The Education Authority (EA) overspent on its allocated budget by £16.6 million in 2017/18 and this could have been £9.3 million higher but for a revision to its accounting policy for the year, according to Northern Ireland’s Comptroller and Auditor General.
The overspend by the Education Authority follows on from a £19.1 million overspend in 2016-17 and it appears that similar issues including cash flat allocation, systemic constraints and limited powers in respect to school budgets, will remain prevalent.
The EA’s target is to contain expenditure “within the accrued limits approved by the Department of Education (DE) and the Department for the Economy”.
The budget allocation process in Northern Ireland has been altered because of the absence of ministers, rather than a pre-determined budget with potential in year budget increases, in 2017–18 the budget setting process was delayed and DE provided EA with cash limits between July–March 2017 before a budget was formally confirmed in June 2017. DE approved the EA’s completed budget plan in January 2018.
While a £1,833.5 million allocation was given, the EA’s expenditure was £1,851.1 million. Factoring in an underspend on student and further education support services, the EA’s annual overspend was some £16.6 million.
Overspend on the education budget was recognised as being driven by overspends in Special Educational Needs (£12.7 million) and school meals (£2.4 million), as well as from an underfunding of £5.3 million arising from the introduction of the Apprenticeship Levy.
The report by the Comptroller and Auditor General indicated that the issues related to an overspend in education are recurring themes. “The EA stated that as budget allocations have essentially remained cash flat, it was unable to absorb in-year pay and price inflationary pressures and increased demand pressures,” the report said.
The EA highlighted attempts to mitigate overspend by delivering some £31 million in saving efficiency’s in 2017-18 but that systemic constraints within the system need transformation. One example is the fact that as over 90 per cent of the services are driven with a significant proportion of staff-related costs, giving the EA “limited powers in respect of school budgets”.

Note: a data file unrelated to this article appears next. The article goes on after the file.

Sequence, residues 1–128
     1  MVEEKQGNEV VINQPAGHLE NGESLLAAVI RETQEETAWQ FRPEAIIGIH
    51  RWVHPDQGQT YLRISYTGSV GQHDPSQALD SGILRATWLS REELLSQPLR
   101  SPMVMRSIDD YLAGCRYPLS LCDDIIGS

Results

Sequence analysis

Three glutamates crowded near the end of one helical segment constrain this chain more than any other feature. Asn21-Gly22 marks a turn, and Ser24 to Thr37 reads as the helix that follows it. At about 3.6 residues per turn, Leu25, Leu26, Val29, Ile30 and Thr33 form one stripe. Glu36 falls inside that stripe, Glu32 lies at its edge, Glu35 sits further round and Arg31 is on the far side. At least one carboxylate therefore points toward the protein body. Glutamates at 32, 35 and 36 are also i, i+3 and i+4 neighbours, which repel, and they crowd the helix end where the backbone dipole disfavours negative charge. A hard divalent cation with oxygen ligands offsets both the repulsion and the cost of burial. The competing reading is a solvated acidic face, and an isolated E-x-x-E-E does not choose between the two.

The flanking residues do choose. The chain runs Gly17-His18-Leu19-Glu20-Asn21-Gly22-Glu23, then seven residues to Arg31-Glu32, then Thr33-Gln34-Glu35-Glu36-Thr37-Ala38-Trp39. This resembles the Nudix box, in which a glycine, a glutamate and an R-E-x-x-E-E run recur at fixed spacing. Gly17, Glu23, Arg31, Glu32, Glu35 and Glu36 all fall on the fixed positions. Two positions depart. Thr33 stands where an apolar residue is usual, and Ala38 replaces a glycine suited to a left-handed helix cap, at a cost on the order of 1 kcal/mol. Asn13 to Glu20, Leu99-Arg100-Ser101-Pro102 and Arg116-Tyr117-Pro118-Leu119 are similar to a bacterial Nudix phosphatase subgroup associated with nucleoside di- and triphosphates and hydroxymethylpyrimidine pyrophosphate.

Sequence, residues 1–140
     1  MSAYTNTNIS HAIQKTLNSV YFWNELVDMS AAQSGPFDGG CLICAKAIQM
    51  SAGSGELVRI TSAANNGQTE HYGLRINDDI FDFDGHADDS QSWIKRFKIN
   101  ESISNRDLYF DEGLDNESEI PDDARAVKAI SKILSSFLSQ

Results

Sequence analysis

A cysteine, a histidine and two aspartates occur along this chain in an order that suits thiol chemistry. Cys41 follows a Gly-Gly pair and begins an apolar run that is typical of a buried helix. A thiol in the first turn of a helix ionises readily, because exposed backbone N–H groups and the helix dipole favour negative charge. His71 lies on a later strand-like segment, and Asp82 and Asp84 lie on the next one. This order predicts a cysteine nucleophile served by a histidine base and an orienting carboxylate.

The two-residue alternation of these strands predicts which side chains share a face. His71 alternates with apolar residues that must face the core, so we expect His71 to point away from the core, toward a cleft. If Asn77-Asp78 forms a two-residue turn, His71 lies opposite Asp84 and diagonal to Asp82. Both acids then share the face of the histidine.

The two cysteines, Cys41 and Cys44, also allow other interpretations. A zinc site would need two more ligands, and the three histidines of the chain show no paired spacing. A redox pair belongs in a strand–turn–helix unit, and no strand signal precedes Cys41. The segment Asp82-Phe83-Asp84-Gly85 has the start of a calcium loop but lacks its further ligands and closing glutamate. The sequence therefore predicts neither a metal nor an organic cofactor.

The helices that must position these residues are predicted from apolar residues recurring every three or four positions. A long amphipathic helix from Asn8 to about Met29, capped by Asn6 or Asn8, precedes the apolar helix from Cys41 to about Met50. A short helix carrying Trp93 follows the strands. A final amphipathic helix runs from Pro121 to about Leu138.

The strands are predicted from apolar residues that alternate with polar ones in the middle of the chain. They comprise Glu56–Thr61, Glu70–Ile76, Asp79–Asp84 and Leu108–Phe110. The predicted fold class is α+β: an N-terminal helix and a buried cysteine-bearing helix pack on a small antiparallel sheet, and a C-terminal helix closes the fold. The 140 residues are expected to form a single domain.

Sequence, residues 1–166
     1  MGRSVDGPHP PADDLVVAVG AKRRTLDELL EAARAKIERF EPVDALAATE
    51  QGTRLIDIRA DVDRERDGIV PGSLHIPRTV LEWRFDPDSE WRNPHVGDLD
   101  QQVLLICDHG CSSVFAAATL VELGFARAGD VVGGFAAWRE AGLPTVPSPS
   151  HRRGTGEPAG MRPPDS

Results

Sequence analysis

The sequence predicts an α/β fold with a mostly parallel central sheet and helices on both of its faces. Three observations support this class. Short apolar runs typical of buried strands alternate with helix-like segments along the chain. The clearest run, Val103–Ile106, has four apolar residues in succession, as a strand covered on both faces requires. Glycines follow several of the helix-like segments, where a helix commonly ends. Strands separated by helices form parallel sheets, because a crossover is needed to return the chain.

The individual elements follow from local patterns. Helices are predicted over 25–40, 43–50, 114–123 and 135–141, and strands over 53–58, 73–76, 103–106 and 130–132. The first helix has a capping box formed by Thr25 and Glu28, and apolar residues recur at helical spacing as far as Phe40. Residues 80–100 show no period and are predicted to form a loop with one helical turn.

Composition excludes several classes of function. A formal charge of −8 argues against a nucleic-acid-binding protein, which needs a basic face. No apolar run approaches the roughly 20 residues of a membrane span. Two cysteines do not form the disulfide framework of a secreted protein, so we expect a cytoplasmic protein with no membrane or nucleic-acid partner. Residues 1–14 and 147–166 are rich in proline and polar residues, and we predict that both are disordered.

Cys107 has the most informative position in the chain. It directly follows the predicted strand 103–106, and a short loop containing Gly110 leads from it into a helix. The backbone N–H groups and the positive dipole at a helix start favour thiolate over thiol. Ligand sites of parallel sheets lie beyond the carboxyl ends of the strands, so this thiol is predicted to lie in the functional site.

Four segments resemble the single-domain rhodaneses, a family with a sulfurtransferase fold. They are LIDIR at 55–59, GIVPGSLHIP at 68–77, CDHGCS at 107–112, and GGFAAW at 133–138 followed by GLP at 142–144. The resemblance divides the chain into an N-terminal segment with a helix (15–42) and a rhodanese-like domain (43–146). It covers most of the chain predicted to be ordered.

The Comptroller and Auditor General noted that the EA had revised its accounting policy to include schools stocks of £9.3 million as inventory for the first time in 2017–18. Had the change not have been made, then the £9.3 million would have been an additional overspend.
Following awareness of the 2016–17 overspend, the Comptroller and Auditor General launched a report to examine the financial health of schools and examine the extent to which schools have been able to manage within their delegated budget for the period 2012–13 to 2016–17.
In his findings, Kieran Donnelly outlined “an environment where there is pressure on school budgets, increasing pupil numbers and schools with sustainability issues. Therefore, it is clear the system is coming close to a tipping point and action needs to be taken as a matter of urgency”.
Recognising a 9.3 per cent reduction in the general schools budget over the period, the report found that the number of controlled and maintained schools in Northern Ireland with a deficit increased from 197 to 315 and that 16 per cent of controlled and maintained schools in Northern Ireland had accumulated deficits in excess of the Education Authority’s prescribed thresholds at 31 March 2017.
Commenting on his most recent findings, Donnelly summarised: “I am concerned that once again the EA has overspent on its budget. My recently published report on the financial health of schools highlighted the pressure on education funding and I therefore welcome the EA and DE’s recognition of the need to reform the education sector, which I consider urgent.”